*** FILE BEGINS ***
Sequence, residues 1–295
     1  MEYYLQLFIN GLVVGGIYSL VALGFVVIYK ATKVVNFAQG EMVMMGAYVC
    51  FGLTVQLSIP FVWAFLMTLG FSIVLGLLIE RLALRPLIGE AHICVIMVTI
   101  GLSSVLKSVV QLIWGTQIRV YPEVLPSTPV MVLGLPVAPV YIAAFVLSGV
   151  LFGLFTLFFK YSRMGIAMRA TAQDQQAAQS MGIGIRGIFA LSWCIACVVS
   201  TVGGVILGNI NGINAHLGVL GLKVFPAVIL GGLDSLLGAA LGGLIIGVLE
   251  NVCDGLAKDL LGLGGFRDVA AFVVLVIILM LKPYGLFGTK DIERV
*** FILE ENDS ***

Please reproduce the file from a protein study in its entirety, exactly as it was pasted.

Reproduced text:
Sequence, residues 1–295
     1  MEYYLQLFIN GLVVGGIYSL VALGFVVIYK ATKVVNFAQG EMVMMGAYVC
    51  FGLTVQLSIP FVWAFLMTLG FSIVLGLLIE RLALRPLIGE AHICVIMVTI
   101  GLSSVLKSVV QLIWGTQIRV YPEVLPSTPV MVLGLPVAPV YIAAFVLSGV
   151  LFGLFTLFFK YSRMGIAMRA TAQDQQAAQS MGIGIRGIFA LSWCIACVVS
   201  TVGGVILGNI NGINAHLGVL GLKVFPAVIL GGLDSLLGAA LGGLIIGVLE
   251  NVCDGLAKDL LGLGGFRDVA AFVVLVIILM LKPYGLFGTK DIERV